Full Price Lien to Unpaid Balance Lien – What Changes?
States have different ways to determine what is “fair” in deciding which parties on a construction project bear the most financial risk, especially in regard to what amount a mechanics lien actually secures. The parties’ relative positions in the project can be a significant, or even deciding, factor in whether a party can recover through the use of a mechanics lien.
Many states can be defined as “full-price” lien states, in that an unpaid subcontractor is entitled to a mechanics lien for the full price of the labor and/or materials he/she furnished to the project. In these states, it makes no difference whether or not the property owner has already paid the general contractor. There is a risk that the property owner would need to pay twice – and then recover the difference from the general contractor who failed to pay the subs.
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Some states, on the other hand, are “unpaid balance” lien states. In these states, an unpaid subcontractor’s mechanics lien is limited to the amount that the property owner has not yet paid the general contractor, (either when notice was given, or when the lien was filed).
Read more on this topic: Full Price Lien v. Unpaid Balance Lien States
In full-price mechanics lien states, the state has made a determination that the property owner is the party best suited to bear the initial burden of non-payment to subcontractors, or that the state’s economic interest in making sure that subs/suppliers get paid for construction projects outweighs the potential for double-payment by a property owner. In an unpaid balance lien state, the calculation has been flipped, and the state believes either the unpaid subcontractor/supplier is in the best position to bear the burden of non-payment, or that protecting property owners from double-payment is of paramount importance. Therefore, a subcontractor in an unpaid balance lien state is only entitled to lien for the amount still due to the general contractor, such that the owner is not liable for more expenses than originally contemplated.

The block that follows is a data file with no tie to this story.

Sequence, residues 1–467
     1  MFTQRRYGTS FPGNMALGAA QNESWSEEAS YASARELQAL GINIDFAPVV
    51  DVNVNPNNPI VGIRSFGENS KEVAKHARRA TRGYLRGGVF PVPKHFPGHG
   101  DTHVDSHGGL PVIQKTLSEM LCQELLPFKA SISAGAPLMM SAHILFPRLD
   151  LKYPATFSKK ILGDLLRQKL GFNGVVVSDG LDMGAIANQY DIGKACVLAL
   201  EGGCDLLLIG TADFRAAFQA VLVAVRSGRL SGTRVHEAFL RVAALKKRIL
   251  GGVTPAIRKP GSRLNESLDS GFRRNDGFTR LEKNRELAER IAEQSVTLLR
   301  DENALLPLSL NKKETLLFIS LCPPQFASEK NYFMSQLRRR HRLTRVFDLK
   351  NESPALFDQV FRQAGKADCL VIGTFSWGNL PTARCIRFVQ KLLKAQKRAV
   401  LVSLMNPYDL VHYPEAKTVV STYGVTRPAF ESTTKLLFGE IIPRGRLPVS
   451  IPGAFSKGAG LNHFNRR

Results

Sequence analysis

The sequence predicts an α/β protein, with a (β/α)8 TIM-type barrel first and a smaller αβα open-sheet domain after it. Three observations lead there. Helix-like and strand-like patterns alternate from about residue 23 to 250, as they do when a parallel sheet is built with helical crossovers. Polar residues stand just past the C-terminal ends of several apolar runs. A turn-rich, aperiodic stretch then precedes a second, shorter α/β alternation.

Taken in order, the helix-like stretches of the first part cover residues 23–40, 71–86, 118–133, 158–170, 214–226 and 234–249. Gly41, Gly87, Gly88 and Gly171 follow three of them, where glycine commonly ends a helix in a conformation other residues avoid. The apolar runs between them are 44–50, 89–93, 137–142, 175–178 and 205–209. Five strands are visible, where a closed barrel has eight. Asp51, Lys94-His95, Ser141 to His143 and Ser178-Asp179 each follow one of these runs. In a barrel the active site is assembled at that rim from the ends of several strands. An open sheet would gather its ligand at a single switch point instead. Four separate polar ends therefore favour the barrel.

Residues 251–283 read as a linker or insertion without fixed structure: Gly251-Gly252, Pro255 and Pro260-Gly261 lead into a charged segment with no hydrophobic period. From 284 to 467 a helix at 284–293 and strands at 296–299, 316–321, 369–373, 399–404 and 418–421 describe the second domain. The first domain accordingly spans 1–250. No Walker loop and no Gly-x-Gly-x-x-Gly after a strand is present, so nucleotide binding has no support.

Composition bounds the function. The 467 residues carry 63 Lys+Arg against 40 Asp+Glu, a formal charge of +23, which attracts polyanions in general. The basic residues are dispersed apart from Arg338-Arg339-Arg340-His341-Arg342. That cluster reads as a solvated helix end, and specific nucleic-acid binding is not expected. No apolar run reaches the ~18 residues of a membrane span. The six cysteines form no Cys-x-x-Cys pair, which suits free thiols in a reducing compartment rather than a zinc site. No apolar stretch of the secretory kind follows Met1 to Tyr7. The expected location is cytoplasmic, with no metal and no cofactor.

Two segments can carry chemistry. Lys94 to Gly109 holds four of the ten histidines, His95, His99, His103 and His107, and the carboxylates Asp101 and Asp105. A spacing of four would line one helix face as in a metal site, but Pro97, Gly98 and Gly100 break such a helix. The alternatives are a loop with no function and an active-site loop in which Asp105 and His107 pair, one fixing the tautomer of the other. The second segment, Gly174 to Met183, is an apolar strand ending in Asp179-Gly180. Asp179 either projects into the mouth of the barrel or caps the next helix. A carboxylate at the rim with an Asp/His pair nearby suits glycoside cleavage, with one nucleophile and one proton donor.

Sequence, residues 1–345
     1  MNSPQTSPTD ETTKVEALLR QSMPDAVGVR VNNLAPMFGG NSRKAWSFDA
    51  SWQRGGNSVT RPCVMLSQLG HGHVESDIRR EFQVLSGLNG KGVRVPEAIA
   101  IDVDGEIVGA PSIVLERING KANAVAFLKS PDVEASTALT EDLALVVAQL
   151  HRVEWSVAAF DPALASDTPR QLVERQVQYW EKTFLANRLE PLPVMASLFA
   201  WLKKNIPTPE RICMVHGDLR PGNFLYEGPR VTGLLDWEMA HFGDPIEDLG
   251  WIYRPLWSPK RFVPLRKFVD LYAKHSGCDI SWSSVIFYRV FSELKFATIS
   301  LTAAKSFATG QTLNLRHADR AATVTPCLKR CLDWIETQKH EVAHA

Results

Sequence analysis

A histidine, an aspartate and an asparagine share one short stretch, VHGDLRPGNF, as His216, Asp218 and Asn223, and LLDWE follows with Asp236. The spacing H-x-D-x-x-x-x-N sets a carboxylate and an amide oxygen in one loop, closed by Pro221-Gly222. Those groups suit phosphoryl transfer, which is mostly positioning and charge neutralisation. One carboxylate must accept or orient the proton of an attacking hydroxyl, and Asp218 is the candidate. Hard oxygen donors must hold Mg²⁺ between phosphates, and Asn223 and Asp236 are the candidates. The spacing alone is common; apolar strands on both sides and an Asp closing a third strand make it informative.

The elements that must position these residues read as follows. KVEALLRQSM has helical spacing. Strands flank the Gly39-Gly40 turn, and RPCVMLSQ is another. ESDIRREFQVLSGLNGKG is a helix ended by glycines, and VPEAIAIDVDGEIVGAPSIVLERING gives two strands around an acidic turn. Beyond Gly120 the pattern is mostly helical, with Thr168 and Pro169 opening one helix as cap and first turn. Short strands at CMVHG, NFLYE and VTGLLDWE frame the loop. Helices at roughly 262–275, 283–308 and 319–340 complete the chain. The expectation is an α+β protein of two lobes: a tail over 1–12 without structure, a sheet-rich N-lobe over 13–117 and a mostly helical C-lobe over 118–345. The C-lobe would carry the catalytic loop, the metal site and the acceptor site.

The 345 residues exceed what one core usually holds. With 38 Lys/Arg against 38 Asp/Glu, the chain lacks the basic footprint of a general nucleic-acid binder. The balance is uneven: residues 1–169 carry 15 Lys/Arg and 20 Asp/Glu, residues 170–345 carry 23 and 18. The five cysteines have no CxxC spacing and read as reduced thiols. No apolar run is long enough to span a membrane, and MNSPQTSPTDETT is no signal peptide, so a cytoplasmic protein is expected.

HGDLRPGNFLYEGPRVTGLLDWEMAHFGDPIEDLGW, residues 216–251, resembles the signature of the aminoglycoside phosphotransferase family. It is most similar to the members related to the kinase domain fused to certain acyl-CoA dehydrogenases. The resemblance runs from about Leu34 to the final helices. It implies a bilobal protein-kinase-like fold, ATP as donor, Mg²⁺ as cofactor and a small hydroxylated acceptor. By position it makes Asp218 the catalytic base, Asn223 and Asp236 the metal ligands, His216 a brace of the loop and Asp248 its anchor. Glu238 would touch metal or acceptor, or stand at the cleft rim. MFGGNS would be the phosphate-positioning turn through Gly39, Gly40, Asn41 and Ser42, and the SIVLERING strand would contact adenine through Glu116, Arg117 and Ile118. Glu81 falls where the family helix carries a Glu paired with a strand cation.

West Virginia Changes to Unpaid Balance Lien for Most Residential Project
With the passage of HB 4347, West Virginia joins the ranks of the unpaid balance lien states, and limits the ability of subs/suppliers to lien for the total amount due. The bill, effective 6/6/14, provides an affirmative defense (or partial affirmative defense) to mechanics liens to the extent that the property owner has paid the general contractor. These protections extend to projects on existing single-family dwellings, and new residential construction of a primary residence; it does not apply to the construction of multiple residences as a single development.
Potential lien claimants in West Virginia would likely be wise to not wait on filing a mechanics lien if they are unpaid for work done on a residential project. While the time period in which a lien must be filed is unchanged by this modification of the lien law, the fact that a lien is only valid as to the amount still unpaid to the general contractor should prompt quick action. The longer a sub/supplier waits to file a lien, the more likely it is that the property owner has made at least some payment to the general contractor that may eat into the sub/supplier’s claim. Prudence, therefore, would dictate that a sub/supplier on a residential construction project in West Virginia not delay when unpaid.
These changes to west Virginia lien law go into effect on 6/6/14. If any other states follow suit and become unpaid balance lien states (as may happen with Pennsylvania) the Construction Payment Blog will be on the story.